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film ‘Homemade’ Review: Netflix Quarantine Anthology Is Pure Filmmaking Talent in Bite-Sized Pieces

“Homemade,” a wondrous and mostly satisfying anthology of 17 short films made round the world over the past two months - reveal a scattershot collage of the world in 2020.


If the only way filmmakers could process life in quarantine was scripted Zoom conversations, the art form might be screwed. “Homemade,” a wondrous and mostly satisfying anthology of 17 short films made over the past two months around the world, proves the opposite. A dense collection of inquisitive, unpredictable and often life-affirming responses to the pandemic from some of the most astute directors working today, “Homemade” is pure filmmaking talent in bite-sized pieces that doubles as a lively, scattershot collage of the world in 2020.

Whereas many anthology projects can feel like mixed bags by default, “Homemade” has been tailor-made to fit its Netflix-sanctioned format, with shorts divided up into chapters that range from four to 11 minutes, and few that feel extraneous. As a diverse assemble of style and substance from active filmmakers with unique sensibilities, it doubles as an overview of international cinema and entry point to many of its strongest active voices, while giving them the opportunity to capture a unique moment in the history of the medium, not to mention humanity itself.

In that sense, established auteurs such as Paolo Sorrentino and Gurinder Chadha gel nicely alongside relative newcomers to the director’s chair, from Maggie Gyllenhaal to Kristen Stewart, who provide just enough snippets of potential to suggest more around the corner. “Homemade,” then, both affirms existing filmmaking talent in spite of the global crisis, and hints at its future.

Though Netflix’s accompanying description encourages viewers to “Watch These Short Films in Any Order” (and labels the project “Volume 1,” though there has been no indication yet of more to come), “Homemade” benefits from a linear experience: It’s bookended by two shrewd statements on the socioeconomic and cultural impact of the pandemic — from Ladj Ly and Ana Lily Amirpour, respectively — while everything in between sorts through the details. “Homemade” gives us touching snapshots of filmmakers with their families and friends, dreamlike meditations on isolation, breakups, fantasies, and even a musical.

It’s a lot to take in, but like the 2007 anthology “To Each His Own Cinema” (commissioned to celebrate the 60th anniversary of the Cannes Film Festival), the global perspective (and, presumably, some savvy behind-the-scenes curation) means that each installment feels distinct from the others. In each one, end credits allow the filmmakers to explain the conditions of their quarantine (nobody seems to have broken the rules) and the technology they used, deepening the personable nature of the project as well as the innovation on display.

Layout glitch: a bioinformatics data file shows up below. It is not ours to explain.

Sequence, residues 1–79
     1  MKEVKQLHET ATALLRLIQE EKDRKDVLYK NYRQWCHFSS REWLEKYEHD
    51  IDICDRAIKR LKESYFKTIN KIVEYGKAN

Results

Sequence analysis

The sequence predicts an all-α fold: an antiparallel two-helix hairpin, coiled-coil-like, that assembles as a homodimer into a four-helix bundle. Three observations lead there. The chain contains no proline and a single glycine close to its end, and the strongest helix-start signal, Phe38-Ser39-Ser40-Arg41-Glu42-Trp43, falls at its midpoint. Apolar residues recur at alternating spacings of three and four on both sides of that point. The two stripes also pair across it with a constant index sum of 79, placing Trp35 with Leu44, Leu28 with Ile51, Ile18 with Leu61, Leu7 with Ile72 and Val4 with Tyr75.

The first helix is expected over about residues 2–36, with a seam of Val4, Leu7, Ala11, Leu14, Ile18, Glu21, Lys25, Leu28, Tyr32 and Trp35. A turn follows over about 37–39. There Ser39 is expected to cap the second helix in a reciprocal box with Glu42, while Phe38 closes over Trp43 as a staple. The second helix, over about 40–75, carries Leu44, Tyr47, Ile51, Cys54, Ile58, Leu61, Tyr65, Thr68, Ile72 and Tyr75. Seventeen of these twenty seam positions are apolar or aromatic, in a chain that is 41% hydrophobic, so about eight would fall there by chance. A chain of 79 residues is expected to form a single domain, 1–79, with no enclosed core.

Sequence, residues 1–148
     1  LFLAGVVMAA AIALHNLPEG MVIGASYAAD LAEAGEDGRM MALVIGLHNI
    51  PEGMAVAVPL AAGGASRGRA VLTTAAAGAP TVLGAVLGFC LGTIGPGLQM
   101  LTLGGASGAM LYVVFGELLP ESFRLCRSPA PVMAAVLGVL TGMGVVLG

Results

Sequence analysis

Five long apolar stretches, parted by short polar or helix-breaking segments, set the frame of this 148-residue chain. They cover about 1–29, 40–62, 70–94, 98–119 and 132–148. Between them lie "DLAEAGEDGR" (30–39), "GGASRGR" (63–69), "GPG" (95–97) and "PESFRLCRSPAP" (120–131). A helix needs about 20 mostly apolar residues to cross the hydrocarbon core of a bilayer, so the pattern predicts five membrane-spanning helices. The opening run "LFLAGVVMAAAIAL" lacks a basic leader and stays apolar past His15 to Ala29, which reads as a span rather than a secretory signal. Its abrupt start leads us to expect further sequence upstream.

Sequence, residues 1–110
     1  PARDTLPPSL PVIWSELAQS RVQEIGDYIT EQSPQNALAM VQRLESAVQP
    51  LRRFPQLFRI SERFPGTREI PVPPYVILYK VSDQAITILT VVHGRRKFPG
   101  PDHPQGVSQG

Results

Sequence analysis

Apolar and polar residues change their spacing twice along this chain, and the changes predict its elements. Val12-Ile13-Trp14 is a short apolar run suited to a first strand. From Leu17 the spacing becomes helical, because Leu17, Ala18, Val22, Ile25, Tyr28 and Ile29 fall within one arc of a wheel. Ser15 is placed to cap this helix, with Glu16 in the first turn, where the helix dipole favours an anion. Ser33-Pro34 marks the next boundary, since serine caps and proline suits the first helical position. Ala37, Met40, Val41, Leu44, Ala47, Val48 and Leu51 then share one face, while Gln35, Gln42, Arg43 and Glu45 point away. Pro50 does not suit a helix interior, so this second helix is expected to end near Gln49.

Ly’s opening entry is a sequel of sorts, following teenager Buzz (Al-Hassan Ly, the director’s son), whose drone videos captured police violence in Ly’s Oscar-nominated debut “Les Miserables.” Here, Buzz once again sends his drone across the neighborhood of Clichy-Montfermeil in Paris’ Seine-Saint-Denis, one of the French neighborhoods hit hardest by the pandemic. In “Les Miserables,” Buzz’s roving camera captured the injustices on the streets; here, it captures snippets of lives from windows and rooftops, establishing the nature of a project designed to expose the sheer volume of stories percolating in confinement.

From there, “Homemade” careens through funny, moving, and strange installments, few of which feel rushed. Sorrentino’s quasi-animated entry uses action figures to imagine a hangout session between the Pope and the Queen (voiced with touching nuances by Javier Cámara and Olivia Williams) over the course of a surreal meeting that suggests “The Two Popes” by way of Todd Haynes’ “Superstar: The Karen Carpenter Story.” And like Sorrentino’s “The New Pope,” the one-liners are as poignant and absurd (“You and I are symbols, which is why we don’t know how to do anything,” the Queen suggests) as the plot, which involves skinny-dipping, dancing, and the glorious landscape of an empty Rome.

The few filmmakers whose entries take the form of modern technology find fresh ways energizing it. “I Am Not a Witch” director Rungano Nyoni imagines the hilarious breakup and reconciliation of a biracial British couple exclusively through text message, while Pablo Larraín (whose company, Fabula, produced the project) uses a montage of video calls to portray the savage, hilarious comeuppance faced by a promiscuous old man dying from the virus.